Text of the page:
Meanwhile, after stabbing Harris, Johnson ran through the woods until he reached the street, dropping the knife during his flight. And within a few minutes, one of the police officers encountered Johnson and asked him if he made a 911 call about a woman being stabbed. Johnson responded that he had not but added, "she's really bad off. She's back behind the power station in the woods." The officer then continued heading toward the scene but radioed a description of Johnson, whom he characterized as a person of interest, to dispatch. Shortly thereafter, a second officer, who heard the first officer's report, located Johnson. But before the officer could question him, Johnson immediately volunteered that a woman had been stabbed. Johnson then attempted to lead the officer to the trail-head but was unsuccessful. He also told the officer that another male at the campsite had a knife and that he took off running upon hearing a woman screaming. Additionally, Johnson admitted to the officer that he had been smoking crack. Subsequently, the officer transported Johnson to the police station, where two detectives questioned him regarding the incident. During this questioning, Johnson's account of the events continued evolving, and, eventually, he confessed to stabbing Harris, claiming that he panicked when he thought she was reaching for something. But based on the discrepancies in his account, the detectives placed Johnson under arrest.

         Thereafter, the State charged Johnson, via indictment, with one count of malice murder, two counts of felony murder, one count of aggravated battery, one count of aggravated assault, and one count of possession of a knife during the commission of a crime. The case then proceeded to trial, during which the State presented the evidence discussed supra, as well as the testimony of a GBI medical examiner, who performed the autopsy on Harris. The medical examiner testified that Harris suffered two incised wounds and five stab wounds.[2] Two of the stab wounds proved fatal, with one penetrating Harris's heart and the other also penetrating her heart and left lung.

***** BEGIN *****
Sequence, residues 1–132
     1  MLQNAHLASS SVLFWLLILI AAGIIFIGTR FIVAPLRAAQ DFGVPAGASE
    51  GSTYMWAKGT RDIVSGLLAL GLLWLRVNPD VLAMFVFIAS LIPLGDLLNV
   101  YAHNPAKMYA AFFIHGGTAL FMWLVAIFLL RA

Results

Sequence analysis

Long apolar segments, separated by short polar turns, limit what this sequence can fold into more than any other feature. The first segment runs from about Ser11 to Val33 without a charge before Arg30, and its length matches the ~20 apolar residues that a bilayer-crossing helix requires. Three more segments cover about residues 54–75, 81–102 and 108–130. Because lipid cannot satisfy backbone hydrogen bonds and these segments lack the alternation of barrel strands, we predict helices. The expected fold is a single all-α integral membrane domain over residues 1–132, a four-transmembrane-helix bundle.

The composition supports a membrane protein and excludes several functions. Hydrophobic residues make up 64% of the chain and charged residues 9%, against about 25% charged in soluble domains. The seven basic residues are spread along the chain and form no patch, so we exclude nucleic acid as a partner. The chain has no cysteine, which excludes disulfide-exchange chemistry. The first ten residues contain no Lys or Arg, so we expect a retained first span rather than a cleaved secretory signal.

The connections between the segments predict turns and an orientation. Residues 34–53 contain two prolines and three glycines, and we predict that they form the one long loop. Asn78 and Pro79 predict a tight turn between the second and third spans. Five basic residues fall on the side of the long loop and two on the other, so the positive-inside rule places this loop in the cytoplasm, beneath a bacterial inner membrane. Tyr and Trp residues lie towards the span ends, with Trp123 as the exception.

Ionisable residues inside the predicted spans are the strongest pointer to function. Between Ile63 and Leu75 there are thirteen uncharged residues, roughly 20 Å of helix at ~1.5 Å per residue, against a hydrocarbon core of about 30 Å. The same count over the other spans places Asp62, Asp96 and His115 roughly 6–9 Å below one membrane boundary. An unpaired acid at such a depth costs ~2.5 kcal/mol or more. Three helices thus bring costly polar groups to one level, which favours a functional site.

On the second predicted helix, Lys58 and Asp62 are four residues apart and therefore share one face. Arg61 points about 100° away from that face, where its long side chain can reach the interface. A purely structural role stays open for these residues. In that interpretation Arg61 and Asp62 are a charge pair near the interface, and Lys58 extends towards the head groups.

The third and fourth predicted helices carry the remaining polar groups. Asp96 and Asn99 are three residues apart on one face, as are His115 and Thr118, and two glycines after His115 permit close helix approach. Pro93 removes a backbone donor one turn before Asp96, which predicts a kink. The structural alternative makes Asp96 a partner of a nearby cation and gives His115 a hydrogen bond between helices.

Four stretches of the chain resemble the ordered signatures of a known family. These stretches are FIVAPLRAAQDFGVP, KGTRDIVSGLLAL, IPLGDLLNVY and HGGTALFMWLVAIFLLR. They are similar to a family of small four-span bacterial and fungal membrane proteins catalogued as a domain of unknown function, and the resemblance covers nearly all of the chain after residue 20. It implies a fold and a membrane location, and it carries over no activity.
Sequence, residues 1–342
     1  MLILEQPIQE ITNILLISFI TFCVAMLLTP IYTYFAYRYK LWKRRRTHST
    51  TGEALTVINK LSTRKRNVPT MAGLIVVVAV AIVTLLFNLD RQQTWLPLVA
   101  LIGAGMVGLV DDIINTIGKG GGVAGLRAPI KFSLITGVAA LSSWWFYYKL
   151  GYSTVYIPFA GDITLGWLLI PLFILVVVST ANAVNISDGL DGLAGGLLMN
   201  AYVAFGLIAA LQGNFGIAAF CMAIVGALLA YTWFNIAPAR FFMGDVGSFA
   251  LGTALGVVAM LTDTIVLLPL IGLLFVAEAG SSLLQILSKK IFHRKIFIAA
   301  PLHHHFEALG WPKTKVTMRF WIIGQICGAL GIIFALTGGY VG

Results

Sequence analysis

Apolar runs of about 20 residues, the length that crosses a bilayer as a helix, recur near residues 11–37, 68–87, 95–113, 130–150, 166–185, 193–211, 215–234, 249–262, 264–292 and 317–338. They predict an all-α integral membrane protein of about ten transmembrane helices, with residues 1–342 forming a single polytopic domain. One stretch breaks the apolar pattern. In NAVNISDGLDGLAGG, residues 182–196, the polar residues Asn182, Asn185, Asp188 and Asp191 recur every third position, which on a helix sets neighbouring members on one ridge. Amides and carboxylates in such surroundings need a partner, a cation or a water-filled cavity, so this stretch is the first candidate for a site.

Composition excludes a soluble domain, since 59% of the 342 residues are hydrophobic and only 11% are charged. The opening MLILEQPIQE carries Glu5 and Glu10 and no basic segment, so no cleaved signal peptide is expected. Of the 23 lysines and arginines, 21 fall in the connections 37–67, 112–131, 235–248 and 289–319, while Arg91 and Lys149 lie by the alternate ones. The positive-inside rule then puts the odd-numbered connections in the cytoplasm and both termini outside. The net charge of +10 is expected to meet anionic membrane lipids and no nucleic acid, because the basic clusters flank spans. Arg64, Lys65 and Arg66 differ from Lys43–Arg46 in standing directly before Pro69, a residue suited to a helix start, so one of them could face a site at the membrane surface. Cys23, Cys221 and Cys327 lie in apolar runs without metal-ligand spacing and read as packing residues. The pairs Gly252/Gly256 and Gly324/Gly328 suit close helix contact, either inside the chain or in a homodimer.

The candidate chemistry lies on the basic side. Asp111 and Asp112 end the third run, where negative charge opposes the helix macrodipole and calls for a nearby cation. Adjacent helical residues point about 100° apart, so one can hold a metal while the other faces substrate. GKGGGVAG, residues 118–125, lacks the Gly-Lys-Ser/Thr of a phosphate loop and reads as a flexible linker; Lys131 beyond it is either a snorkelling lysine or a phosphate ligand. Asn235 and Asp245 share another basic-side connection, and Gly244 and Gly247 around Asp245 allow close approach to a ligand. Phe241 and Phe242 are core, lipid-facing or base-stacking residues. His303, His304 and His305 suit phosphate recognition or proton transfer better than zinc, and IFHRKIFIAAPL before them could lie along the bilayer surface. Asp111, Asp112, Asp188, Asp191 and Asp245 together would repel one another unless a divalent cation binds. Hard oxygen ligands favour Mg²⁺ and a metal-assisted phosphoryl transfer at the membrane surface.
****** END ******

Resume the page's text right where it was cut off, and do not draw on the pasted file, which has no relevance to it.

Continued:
Johnson testified in his own defense, admitting that he stabbed Harris but claiming that he did so out of fear and to protect himself when Harris came at him with a stick. More explicitly, Johnson stated that while they were at the acquaintance's apartment and throughout the night, Guerndt and Harris were whispering to each other, which made him nervous. He then claimed that his anxiety increased when he found himself in the woods at Guerndt and Harris's campsite and observed several knives in their possession and lying on the ground within the tent. Johnson further testified that his fears were realized when Harris came at him with a raised stick or board, and that he ran toward her and stabbed her in an effort to protect himself.